RAT RACE pits six Vegas winners of a special gold coin in a race to be the first to reach Silver City, New Mexico and a bag containing 2 million dollars. The invention of eccentric casino owner Donald Sinclair (John Cleese), the contestants are unaware they are nothing more than human horses running for a finish line so Sinclair's group of money-laden international gamblers can bet on the winner.
Needless to say the trip across the desert is anything but orderly, as contestants steal and swindle their way into cars, trains, helicopters, balloons, buses and every other form of transportation available. The wide range of personalities include a recently reunited mother and daughter who were separated at birth (Whoopi Goldberg and Lanai Chapman), a careful law abiding lawyer (Breckin Meyer), a football referee who is a national disgrace after flubbing a recent coin toss (Cuba Gooding Jr.), an Italian tourist suffering from narcolepsy (Rowan Atkinson), a couple of con-artist brothers (Vince Vieluf and Seth Green), and a family of four led by their gambling addicted father (Jon Lovitz).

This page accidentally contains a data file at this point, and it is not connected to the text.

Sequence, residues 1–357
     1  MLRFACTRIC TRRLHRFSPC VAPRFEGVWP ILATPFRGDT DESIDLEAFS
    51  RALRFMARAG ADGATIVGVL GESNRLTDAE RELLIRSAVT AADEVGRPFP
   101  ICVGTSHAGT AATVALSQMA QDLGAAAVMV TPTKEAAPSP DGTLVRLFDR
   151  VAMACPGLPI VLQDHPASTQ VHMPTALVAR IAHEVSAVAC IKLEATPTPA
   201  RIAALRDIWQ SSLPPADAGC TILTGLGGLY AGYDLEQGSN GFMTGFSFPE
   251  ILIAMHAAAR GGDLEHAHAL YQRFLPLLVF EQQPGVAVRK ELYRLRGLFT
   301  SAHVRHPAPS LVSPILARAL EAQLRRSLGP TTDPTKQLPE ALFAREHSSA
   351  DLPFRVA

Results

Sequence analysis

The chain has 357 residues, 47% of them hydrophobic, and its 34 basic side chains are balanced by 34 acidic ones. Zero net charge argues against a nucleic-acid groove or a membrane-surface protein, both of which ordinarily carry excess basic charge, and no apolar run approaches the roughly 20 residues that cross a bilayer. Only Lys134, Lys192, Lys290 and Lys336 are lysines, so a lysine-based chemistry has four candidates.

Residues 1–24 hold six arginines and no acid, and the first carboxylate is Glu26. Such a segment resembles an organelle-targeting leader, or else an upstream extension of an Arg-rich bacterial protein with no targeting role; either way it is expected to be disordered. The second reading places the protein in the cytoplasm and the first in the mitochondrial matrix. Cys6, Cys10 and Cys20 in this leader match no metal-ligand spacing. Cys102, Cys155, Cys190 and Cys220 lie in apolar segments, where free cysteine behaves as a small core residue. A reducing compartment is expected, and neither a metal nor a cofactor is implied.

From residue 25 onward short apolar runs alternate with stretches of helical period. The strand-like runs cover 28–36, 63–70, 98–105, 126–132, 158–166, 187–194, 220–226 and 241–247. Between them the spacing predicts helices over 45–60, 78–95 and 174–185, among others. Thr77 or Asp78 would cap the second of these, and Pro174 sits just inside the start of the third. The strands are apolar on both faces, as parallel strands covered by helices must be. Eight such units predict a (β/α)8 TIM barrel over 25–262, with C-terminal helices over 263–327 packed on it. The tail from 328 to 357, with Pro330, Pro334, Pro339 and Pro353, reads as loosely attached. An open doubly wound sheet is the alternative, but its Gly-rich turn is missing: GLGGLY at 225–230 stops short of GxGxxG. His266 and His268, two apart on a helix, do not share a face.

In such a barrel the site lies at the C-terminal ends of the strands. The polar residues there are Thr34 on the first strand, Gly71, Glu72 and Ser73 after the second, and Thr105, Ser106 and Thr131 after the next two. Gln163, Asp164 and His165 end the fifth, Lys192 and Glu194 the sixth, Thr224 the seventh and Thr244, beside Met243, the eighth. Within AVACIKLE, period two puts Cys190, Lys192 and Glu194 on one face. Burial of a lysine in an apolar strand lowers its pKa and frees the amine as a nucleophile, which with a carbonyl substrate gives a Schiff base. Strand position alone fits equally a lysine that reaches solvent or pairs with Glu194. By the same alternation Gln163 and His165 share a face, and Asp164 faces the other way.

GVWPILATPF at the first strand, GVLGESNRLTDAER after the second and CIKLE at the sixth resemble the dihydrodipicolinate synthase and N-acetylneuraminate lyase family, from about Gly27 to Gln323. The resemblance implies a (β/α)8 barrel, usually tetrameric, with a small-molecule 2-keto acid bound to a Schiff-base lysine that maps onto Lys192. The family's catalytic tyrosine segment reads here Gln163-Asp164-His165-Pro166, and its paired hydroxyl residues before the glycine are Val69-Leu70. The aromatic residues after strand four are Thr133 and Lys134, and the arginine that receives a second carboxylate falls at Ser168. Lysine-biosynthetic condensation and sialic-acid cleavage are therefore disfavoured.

Even at its over two hour run time, squeezing this many characters into a script is reminiscent of pranks involving college students and a Volkswagen--and the writing is at the same level of intelligence. Sinclair shows his rich buddies a good time by betting on anything, including how much a prostitute will charge to provide a sexual fantasy for his executive assistant. Meanwhile, the action on the open road features a couple of mad racers hanging from a live cow unfortunate enough to be tangled in a hot air balloon tether, squirting milk from the animal's udder at each other. Or a father so intent with winning the race that he refuses to pull over for a bathroom break and makes his daughter hang her buttocks out the window as he continues driving, and later resorts to putting sleeping pills in his family's milkshakes.
While some may find an occasional laugh, Rat Race is packed with distasteful attempts at humor (like a Barbie museum that turns out to be a shrine honoring Klaus Barbie) and role models who are prepared to do anything for money.